Slobbers or Slaframine Poisoning in Horses

In the late spring, and more recently in July, veterinarians reported horses salivating profusely. Owners are often distraught by the strings of saliva hanging from the mouth and the large pool of saliva on the floor. Affected horses commonly show no abnormal clinical signs except the profuse frothy salivation, which is not life threatening. Clinical syndromes that can cause profuse salivation are: the virus disease, vesicular stomatitis; mechanical or chemical irritation of the mouth, e.g., by plant awns; or slaframine poisoning, most commonly associated with clover pasture or hay.

Horse clinically affected with Slobbers

Figure 1. Horse clinically affected with Slobbers. Photo courtesy of Steven S. Nicholson, DVM, LSU.

Vesicular stomatitis is a foreign animal disease affecting horses, cattle and swine. It causes oral vesicles marked by excessive salivation and chomping. Currently, outbreaks have occurred in Texas, New Mexico and Colorado.

Mechanical or chemical irritation results from horses grazing on plants that have sharp awns, spines, burs or substances that cause irritation (1). The irritation can lead to excessive salivation with drooling or frothy saliva, or oral ulcers. Plants that cause mechanical irritation include burdock, foxtail barley, long-spined sandbur and raspberry canes. Foxtail barley has a sharp-pointed, bristly segment with forward pointing barbs. Since these barbs will only slide in one direction, they can easily become embedded in the tongue and gums where they act as a foreign body, stimulating excessive salivation and/or deep ulceration. Raspberry canes can cause similar lesions. This is seen occasionally when horses are fenced into woodlots with minimum access to more desirable forage. Microscopic examination of scrapings from the oral mucosa of affected horses may reveal awns in the irritated areas and provide a diagnosis. Plants that cause chemical irritation include buttercups and marsh marigolds (1).

Slaframine poisoning (Slobbers) (Figure 1) should be considered, especially in a cooler and wetter spring or fall. Spring and fall provide ideal environmental conditions for the proliferation of clovers in pastures. The cooler wet conditions are also ideal for the growth of the fungus Rhizoctonia leguminicola, commonly known as black patch. The fungus infects red clover (Trifolium pratense), white clover (Trifolium repens), alsike clover (Trifolium hybridum) and alfalfa. The name 'black patch' is derived from the bronze to black spots or rings observed on the leaves and stems (2). Rhizoctonia leguminicola produces the mycotoxin slaframine or slobber factor. It can be present on both pasture and in stored dry hay. The fungus persists on infected fields from year to year. Slaframine can be active in stored hay for 10 months or more; however, its biological activity does decrease. Fresh hay can contain the equivalent of 50-100 ppm slaframine, which can decrease after 10 months by 10-fold to 7 ppm. Concentrations above 10 ppm may be associated with clinical signs (3). The analysis for slaframine (1-acetoxy-6-amino- octahydroindolizine) is not readily available.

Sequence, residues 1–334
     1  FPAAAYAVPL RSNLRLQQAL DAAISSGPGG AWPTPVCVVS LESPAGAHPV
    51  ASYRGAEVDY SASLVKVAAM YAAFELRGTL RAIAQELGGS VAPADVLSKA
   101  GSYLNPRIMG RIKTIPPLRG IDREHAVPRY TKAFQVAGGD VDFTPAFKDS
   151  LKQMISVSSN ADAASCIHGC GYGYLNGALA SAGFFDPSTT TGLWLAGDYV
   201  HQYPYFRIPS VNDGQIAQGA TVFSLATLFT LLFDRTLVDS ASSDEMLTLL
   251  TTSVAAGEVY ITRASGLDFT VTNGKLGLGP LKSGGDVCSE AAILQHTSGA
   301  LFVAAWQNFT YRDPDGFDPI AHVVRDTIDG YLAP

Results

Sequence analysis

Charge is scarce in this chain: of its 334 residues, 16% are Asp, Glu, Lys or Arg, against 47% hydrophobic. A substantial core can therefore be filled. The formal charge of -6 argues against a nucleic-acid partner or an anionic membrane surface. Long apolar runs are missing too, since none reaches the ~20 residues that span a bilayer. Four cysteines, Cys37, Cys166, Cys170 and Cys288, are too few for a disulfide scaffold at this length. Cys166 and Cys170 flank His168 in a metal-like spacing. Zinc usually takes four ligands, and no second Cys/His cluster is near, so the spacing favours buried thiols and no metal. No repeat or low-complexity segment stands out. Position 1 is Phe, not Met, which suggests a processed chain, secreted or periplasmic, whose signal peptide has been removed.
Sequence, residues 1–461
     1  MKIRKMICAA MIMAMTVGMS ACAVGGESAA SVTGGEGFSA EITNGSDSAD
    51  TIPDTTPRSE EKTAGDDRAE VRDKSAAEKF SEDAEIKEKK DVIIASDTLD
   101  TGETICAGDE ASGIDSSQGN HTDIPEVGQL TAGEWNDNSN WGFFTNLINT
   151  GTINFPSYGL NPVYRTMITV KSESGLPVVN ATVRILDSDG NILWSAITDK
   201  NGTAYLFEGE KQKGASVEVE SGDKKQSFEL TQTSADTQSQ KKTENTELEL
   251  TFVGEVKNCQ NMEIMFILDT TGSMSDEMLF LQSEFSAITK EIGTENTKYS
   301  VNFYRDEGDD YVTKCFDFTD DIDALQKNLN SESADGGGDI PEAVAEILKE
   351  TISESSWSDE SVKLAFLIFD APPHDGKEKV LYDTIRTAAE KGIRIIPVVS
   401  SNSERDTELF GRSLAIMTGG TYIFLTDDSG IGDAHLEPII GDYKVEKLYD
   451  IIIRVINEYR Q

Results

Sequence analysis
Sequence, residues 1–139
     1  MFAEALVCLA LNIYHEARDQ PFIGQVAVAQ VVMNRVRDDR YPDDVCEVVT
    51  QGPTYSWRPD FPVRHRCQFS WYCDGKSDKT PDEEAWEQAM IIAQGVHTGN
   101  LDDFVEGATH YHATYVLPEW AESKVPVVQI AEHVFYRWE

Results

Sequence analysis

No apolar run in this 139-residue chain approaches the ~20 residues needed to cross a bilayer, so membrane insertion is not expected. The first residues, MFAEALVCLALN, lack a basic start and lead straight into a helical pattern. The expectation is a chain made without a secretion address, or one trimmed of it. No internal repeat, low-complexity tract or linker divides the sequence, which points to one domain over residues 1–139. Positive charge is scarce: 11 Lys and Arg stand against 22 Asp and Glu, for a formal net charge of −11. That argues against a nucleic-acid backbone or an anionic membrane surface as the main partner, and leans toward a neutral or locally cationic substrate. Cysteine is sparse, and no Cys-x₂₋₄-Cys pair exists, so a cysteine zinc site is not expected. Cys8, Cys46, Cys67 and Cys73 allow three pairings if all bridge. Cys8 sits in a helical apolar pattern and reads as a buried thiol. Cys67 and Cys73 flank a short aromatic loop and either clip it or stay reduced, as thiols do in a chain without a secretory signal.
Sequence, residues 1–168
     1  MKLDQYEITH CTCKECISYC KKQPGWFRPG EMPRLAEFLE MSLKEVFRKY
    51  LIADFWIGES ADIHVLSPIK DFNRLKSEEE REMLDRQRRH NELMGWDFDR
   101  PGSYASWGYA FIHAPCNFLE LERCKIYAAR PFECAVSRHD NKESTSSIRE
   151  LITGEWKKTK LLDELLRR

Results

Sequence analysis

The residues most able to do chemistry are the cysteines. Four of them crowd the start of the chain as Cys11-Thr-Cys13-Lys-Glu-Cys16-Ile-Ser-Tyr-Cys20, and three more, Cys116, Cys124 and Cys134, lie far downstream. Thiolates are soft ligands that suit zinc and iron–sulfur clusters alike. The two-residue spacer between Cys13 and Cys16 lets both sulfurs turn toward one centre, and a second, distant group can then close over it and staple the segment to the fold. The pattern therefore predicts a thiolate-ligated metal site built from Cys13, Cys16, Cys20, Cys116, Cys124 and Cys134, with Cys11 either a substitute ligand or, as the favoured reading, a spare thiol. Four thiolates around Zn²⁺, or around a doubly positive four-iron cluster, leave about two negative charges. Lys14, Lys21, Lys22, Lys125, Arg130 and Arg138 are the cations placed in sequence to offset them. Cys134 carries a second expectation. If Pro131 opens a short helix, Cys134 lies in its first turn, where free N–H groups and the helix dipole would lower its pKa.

The most common clinical signs observed in horses include: excess salivation, lacrimation, colic and diarrhea. One case reports abortion in a mare (4). Clinical signs often develop 1-3 hours after consumption of the contaminated forage and subside 48-72 hours after withdrawal from the offending forage. Atropine may provide symptomatic relief of salivation and diarrhea (3).

Take Home Message

  • Slaframine poisoning is non life threatening.
  • No treatment is necessary, except changing the feed.
  • Clovers can be an excellent source of nutrients but are occasionally associated with excessive salivation, oral ulcers, laminitis, colic, photosensitization and liver failure.


  1. Knight AR, Walter RG. A Guide to Plant Poisoning of Animals in North America. Jackson WY: Teton NewMedia, 2001: 81-82.
  2. Burrows GE, Tyril RJ. Toxic Plants in North America. Ames: Iowa State Press, 2001: 625-626.
  3. Osweiler GD. Toxicology. Philadelphia: Williams & Wilkins, 1996: 428-429.
  4. Smith JE, Henderson RS. Mycotoxins and Animal Foods. Boston: CRC Press, 1991: 683.

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